Welcome to Puerto Rico, The Enchanted Island

Puerto Rico, officially known as the Commonwealth of Puerto Rico (Estado Libre Asociado de Puerto Rico), is an unincorporated territory of the United States, located in the northeastern Caribbean, east of the Dominican Republic and west of both the U.S. Virgin Islands and the British Virgin Islands. Puerto Rico is only 100 miles long by 35 miles wide, making it the smallest island of the Greater Antilles. Puerto Rico (Spanish for “rich port”) consists of an archipelago that includes the main island of Puerto Rico and several islands: Vieques, Culebra, Mona and numerous islets. Puerto Rico offers countless cultural experiences and many historical locations. Whether you enjoy nature or history, nightlife or adventure, culture or sports, pack your bags and discover this unique island full of interesting contrasts and surprises!

Puerto Rico is an archipelago that includes the main island of Puerto Rico and a number of smaller islands, the largest of which are ViequesCulebra, and Mona. The main island of Puerto Rico is, by land area, the smallest of the Greater Antilles. With around 3.5 million people, it ranks third in population among that group of four islands, which include CubaHispaniola (Haiti and the Dominican Republic) and Jamaica. The capital and largest city is San Juan. Due to its location, Puerto Rico has a tropical climate with warm weather year-round and does not observe daylight saving time. Its official languages are Spanish, which is prevalent, and English.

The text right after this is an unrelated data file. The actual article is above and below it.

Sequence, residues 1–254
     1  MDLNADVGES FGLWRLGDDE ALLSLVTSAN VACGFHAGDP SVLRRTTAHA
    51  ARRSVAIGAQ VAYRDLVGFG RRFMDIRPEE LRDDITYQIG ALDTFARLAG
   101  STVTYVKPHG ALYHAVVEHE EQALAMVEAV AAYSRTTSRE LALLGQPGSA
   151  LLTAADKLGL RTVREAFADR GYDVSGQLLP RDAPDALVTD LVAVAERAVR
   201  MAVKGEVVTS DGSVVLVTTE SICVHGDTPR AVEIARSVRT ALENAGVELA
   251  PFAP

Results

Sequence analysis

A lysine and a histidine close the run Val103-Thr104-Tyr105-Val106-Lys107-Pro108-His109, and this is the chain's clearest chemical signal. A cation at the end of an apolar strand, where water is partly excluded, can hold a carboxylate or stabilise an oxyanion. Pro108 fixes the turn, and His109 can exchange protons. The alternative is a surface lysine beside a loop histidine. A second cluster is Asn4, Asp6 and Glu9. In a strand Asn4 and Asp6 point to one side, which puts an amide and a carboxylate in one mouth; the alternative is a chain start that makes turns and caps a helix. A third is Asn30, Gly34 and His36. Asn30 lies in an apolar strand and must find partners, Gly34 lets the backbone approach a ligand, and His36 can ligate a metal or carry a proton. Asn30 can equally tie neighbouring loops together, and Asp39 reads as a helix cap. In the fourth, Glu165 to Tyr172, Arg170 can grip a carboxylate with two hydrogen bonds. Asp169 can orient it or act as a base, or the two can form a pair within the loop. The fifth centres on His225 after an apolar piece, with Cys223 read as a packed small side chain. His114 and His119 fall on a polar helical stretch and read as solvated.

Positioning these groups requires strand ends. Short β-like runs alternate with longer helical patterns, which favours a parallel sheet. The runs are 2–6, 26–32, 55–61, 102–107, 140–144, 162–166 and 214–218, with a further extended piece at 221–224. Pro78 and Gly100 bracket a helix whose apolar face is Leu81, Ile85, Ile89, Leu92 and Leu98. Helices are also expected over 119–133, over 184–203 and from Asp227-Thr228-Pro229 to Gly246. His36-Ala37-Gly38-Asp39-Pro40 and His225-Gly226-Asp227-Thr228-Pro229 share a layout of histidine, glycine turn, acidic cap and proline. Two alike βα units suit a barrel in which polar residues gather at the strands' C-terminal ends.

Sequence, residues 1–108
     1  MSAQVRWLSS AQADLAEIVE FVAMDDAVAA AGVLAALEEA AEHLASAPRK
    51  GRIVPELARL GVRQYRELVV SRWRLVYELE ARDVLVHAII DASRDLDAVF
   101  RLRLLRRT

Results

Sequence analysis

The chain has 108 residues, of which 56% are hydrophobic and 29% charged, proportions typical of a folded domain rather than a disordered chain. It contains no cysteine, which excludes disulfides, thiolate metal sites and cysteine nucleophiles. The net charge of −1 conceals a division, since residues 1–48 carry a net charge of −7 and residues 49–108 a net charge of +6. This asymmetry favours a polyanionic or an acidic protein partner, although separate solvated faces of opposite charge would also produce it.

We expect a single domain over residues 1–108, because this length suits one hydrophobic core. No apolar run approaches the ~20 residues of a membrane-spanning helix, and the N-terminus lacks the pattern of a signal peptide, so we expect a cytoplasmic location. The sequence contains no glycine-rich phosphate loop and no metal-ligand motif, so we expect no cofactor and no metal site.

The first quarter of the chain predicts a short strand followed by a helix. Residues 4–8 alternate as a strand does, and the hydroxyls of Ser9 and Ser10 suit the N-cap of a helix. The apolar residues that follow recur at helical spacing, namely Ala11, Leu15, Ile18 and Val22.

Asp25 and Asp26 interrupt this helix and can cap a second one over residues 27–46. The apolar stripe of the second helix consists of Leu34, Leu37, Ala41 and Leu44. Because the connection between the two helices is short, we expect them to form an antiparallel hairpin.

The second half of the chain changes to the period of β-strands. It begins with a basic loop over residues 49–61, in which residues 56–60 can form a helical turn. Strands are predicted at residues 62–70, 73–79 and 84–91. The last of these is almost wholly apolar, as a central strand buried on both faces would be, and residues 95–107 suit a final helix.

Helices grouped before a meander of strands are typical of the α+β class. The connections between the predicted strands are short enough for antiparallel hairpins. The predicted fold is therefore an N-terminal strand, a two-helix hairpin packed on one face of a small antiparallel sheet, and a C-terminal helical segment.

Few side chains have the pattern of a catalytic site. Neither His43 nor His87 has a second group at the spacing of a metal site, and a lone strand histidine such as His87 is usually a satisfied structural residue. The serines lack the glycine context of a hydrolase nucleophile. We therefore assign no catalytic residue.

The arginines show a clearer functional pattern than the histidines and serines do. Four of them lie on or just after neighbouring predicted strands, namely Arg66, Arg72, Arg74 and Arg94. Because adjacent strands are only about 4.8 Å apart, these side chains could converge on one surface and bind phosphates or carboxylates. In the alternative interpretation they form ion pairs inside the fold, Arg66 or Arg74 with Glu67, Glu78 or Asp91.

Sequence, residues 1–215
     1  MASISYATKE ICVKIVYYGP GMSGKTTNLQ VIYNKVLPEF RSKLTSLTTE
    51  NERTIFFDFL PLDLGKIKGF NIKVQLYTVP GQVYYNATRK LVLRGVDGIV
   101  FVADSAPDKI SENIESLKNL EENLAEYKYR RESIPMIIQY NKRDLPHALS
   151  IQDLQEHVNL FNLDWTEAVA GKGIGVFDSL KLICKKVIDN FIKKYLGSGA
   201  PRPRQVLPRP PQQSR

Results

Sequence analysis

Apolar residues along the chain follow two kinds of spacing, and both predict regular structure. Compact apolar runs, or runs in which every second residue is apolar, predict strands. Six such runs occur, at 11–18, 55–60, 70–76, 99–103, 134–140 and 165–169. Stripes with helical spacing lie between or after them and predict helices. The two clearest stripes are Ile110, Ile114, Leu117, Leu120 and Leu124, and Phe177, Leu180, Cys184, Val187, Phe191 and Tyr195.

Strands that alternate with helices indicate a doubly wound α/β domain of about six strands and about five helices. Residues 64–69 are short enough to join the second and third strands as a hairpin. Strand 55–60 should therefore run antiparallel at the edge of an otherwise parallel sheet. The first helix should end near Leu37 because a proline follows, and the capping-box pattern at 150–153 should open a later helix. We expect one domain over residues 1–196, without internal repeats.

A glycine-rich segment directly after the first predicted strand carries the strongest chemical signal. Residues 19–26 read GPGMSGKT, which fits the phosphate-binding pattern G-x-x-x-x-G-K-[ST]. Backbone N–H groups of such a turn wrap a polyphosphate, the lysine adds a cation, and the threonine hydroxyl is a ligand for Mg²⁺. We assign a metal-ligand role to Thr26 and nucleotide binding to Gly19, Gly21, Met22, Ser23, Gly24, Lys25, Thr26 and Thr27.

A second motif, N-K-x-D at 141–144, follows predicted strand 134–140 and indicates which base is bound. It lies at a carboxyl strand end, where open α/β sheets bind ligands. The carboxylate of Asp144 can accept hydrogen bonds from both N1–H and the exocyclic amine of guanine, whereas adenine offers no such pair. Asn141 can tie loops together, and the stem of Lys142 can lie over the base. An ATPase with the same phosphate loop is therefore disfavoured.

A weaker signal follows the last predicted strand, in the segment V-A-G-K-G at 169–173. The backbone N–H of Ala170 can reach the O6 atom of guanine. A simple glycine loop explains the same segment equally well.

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Originally populated for centuries by aboriginal people known as Taíno, the island was claimed by Christopher Columbus for Spain during his second voyage to the Americas on November 19, 1493. Like Cuba, Puerto Rico remained a Spanish colony until 1898. Despite the Laws of Burgos of 1512 and other decrees for the protection of Indians, some Taíno people were forced into slavery in the early years of colonization. The population suffered extremely high fatalities from epidemics of European infectious diseases.

During the four centuries of Spanish rule, the island’s culture and physical landscape were transformed. European knowledge, customs and traditions were introduced, namely Roman Catholicism, the Spanish language, and advances such as agricultureconstruction in stone, and the printing press. Numerous public buildings, forts, churches and public infrastructure built during Spanish rule are still standing to this day, forming an indelible part of the island’s cultural heritage.

Regular convoys of the West Indies Fleet linked the island to Spain, sailing from Cádiz to the Spanish West Indies every year. From the start of Puerto Rico’s colonization by Spain in 1508, its inhabitants were Spanish citizens, and it remained Spanish territory despite invasion attempts by the French, Dutch, and the British. On November 25, 1897, Spain granted limited self-government to the island by royal decree in the Autonomic Charter, including a bicameral legislature. But in 1898, Spain ceded its control of the island to United States following the Spanish–American War, under the terms of the Treaty of Paris.

Today, people born in Puerto Rico are natural-born U.S. citizens. The territory operates under a local constitution, and Puerto Ricans elect their own governor. However, Puerto Rico lacks voting members in Congress and is subject to the plenary jurisdiction of the United States under the Puerto Rico Federal Relations Act of 1950. As of 2015, Puerto Rico remains a U.S. territory, although a 2012 referendum showed a majority (54% of the electorate) in favor of a change in status, with full statehood the preferred option.